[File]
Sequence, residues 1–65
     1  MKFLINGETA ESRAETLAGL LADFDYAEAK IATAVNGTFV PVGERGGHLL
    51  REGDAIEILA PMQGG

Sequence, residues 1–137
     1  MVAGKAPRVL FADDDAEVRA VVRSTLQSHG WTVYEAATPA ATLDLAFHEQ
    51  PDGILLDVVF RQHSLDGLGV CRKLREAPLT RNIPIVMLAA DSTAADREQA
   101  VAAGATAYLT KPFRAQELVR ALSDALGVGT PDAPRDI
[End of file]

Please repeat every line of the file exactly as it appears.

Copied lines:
Sequence, residues 1–65
     1  MKFLINGETA ESRAETLAGL LADFDYAEAK IATAVNGTFV PVGERGGHLL
    51  REGDAIEILA PMQGG

Sequence, residues 1–137
     1  MVAGKAPRVL FADDDAEVRA VVRSTLQSHG WTVYEAATPA ATLDLAFHEQ
    51  PDGILLDVVF RQHSLDGLGV CRKLREAPLT RNIPIVMLAA DSTAADREQA
   101  VAAGATAYLT KPFRAQELVR ALSDALGVGT PDAPRDI